The Irish had a hand in popularizing these terrifying Halloween characters.
The scariest of Halloween monsters and ghouls have the Irish to thank for their terrifying origins. We look at some of the best and most terrifying creations that the Irish unleashed upon the unsuspecting world on the Night of the Liv ing Dead.
"Dracula" the novel was written by Dublin native Bram Stoker, a lifetime lover of the darker elements of Irish folklore and mythology that inspired his most famous blood-sucking creation. A spirit you can sink your teeth into.
Not the cuddly one, or the pesky ones running off with their pots of gold, but the one from the 1993 movie "Leprechaun" who almost knocked off Jennifer Aniston in one of her first roles.
A sheet with eyeholes will do for anybody wishing to copy this iconic Irish Halloween terror on October 31. She is heard only when a loved one is dying. The word comes from the Irish "Bean Sí," literally meaning female fairy.
The Devil is often referred to as Darby O’Gill, not the sanitized Walt Disney movie but a mythological figure who is a much more wicked character than Walt's tame version. In Ireland, he usually appears as an attractive man at a dance, but if any lady smitten with him looks down she will see his cloven hoof feet.
Werewolves of Tipperary
Ancient texts refer to the half-man, half-wolf who inhabited this area. Old Gaelic chieftains used to visit and pray for their support before a battle.
The Undead Priest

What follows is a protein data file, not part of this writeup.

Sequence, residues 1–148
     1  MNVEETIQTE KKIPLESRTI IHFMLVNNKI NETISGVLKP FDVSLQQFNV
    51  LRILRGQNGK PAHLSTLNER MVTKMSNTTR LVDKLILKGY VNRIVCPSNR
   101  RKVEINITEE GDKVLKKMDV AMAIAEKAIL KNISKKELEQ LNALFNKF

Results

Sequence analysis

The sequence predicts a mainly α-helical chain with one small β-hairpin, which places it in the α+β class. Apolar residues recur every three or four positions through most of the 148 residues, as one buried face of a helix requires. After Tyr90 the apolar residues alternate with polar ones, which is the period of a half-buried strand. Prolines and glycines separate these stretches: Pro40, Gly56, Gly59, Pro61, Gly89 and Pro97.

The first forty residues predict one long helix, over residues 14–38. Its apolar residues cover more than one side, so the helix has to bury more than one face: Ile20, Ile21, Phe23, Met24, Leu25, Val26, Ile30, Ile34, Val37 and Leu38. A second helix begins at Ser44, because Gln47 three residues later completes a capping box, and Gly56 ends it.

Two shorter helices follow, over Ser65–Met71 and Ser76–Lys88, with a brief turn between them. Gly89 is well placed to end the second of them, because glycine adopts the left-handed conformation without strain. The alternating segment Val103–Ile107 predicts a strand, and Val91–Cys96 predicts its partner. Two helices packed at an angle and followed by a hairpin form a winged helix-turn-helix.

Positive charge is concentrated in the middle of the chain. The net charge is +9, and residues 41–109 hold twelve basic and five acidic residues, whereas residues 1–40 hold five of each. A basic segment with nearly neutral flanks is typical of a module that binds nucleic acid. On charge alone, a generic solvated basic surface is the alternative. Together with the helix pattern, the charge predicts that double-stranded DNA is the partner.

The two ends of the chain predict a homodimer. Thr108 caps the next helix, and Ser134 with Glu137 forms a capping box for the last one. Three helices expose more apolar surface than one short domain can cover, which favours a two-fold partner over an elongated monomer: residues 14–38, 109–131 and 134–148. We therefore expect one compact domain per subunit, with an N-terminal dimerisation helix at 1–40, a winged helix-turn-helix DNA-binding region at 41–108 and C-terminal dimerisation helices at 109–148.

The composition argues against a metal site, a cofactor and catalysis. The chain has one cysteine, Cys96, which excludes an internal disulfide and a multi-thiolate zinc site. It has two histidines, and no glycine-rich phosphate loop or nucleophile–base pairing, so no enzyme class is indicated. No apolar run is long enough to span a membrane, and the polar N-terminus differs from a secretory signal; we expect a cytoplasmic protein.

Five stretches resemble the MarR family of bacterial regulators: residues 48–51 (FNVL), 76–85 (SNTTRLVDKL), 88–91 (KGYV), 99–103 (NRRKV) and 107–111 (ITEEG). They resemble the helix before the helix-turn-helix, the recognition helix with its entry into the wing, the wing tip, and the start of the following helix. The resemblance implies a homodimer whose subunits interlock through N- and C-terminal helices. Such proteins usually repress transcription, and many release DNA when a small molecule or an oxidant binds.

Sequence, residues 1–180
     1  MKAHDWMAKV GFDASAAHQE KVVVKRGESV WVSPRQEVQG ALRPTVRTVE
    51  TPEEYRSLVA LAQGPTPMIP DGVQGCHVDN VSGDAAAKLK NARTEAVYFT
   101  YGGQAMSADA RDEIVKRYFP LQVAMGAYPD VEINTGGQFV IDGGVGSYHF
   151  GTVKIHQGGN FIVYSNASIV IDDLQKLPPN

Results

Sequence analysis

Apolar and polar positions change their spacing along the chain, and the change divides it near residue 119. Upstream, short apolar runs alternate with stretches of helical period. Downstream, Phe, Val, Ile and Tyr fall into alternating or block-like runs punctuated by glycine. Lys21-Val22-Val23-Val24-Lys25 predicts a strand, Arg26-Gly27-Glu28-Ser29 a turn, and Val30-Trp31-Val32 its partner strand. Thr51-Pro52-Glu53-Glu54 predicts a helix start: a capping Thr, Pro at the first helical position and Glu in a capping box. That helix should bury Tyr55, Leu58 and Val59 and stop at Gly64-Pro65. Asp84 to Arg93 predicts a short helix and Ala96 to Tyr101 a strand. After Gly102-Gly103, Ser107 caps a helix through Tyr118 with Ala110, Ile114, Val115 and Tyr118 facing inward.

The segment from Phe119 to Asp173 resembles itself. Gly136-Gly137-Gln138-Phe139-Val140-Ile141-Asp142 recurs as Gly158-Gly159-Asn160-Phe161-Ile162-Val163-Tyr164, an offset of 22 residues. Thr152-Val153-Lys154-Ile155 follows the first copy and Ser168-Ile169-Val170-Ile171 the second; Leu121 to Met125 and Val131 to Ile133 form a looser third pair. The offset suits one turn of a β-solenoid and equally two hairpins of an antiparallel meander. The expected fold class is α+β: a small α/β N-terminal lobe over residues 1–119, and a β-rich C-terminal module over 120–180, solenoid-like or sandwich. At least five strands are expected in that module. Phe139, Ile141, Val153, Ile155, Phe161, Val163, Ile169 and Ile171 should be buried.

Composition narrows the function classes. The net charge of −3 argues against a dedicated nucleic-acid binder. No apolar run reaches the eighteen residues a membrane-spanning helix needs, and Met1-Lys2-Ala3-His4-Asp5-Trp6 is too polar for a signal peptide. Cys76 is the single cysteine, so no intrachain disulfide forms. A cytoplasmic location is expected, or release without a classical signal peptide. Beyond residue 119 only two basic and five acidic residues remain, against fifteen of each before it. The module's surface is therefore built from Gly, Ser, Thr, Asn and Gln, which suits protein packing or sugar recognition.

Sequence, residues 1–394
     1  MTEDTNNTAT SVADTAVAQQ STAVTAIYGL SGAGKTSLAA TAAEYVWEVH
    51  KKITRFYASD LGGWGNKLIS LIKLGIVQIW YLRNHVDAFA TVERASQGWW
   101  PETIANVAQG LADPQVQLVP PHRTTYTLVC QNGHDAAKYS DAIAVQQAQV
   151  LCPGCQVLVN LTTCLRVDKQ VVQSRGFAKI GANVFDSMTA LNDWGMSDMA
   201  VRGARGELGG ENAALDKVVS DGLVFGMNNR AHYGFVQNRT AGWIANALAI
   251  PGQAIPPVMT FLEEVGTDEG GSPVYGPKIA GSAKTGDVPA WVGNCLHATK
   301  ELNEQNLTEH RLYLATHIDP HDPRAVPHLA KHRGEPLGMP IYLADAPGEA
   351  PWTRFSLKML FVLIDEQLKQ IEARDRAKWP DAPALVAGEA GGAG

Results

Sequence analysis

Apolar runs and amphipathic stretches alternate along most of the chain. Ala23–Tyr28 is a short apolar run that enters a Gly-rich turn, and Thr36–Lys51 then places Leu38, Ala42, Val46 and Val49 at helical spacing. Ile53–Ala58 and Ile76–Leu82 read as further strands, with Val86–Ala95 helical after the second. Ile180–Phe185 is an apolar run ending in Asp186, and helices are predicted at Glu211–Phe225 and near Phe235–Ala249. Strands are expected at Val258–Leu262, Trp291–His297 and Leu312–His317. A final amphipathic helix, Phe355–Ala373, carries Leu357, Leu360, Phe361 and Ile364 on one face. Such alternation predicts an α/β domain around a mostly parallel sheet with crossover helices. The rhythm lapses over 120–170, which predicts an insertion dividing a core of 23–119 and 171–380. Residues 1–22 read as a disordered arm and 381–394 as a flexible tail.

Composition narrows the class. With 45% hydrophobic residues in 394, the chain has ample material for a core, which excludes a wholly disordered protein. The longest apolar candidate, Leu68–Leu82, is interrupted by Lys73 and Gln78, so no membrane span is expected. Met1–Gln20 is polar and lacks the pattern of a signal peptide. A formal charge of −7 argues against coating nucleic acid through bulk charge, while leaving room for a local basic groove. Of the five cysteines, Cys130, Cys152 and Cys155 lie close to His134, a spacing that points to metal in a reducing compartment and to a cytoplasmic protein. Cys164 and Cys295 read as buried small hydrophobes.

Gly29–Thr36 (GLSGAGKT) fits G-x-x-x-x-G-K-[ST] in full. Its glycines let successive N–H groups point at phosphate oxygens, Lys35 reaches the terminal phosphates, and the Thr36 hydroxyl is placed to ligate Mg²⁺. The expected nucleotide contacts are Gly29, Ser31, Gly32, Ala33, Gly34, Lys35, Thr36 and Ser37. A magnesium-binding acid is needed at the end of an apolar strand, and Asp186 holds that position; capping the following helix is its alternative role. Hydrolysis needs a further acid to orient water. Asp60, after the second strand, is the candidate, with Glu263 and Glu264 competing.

This is an old priest from the Dublin Mountains who locals swear appeared to them after his death in the 1920s. Many independent verifications were received, so best be wary of any priest on Halloween night just to be safe.
A much-hated ruler in ancient Ireland, Abhartach was said to have many evil and dark powers. After he was slain, legend has it he rose from the dead to drink the blood of his subjects. His grave is thought to be in Errigal, Derry.
Jack O’Lantern is where the modern pumpkin came from. Jack O'Lantern is said to be a ghostly spirit who trapped Satan in a cross-shaped tree hollow. When Jack died, he was barred from Heaven and Hell, suspended in a black abyss with only an ember in a carved-out turnip, the Devil's flashlight, to help him navigate.
The Meredith Monster
In the Parish Church of Ardtrea, near Cookstown, Co. Tyrone, there is a marble monument and inscription in memory of Thomas Meredith, D.D., who had been a Fellow of Trinity College, Dublin, and for six years rector of the parish. He died, according to the words of the inscription, on May 2, 1819, as a result of "a sudden and awful visitation." A local legend explains this "visitation," stating that a ghost haunted the rectory and it could often be seen afterward cackling over the death of Meredith.
We hope you're not too spooked after reading about these scary Irish characters!
* Originally published in October 2010.
What Irish ghost stories do you know? Share in the comments!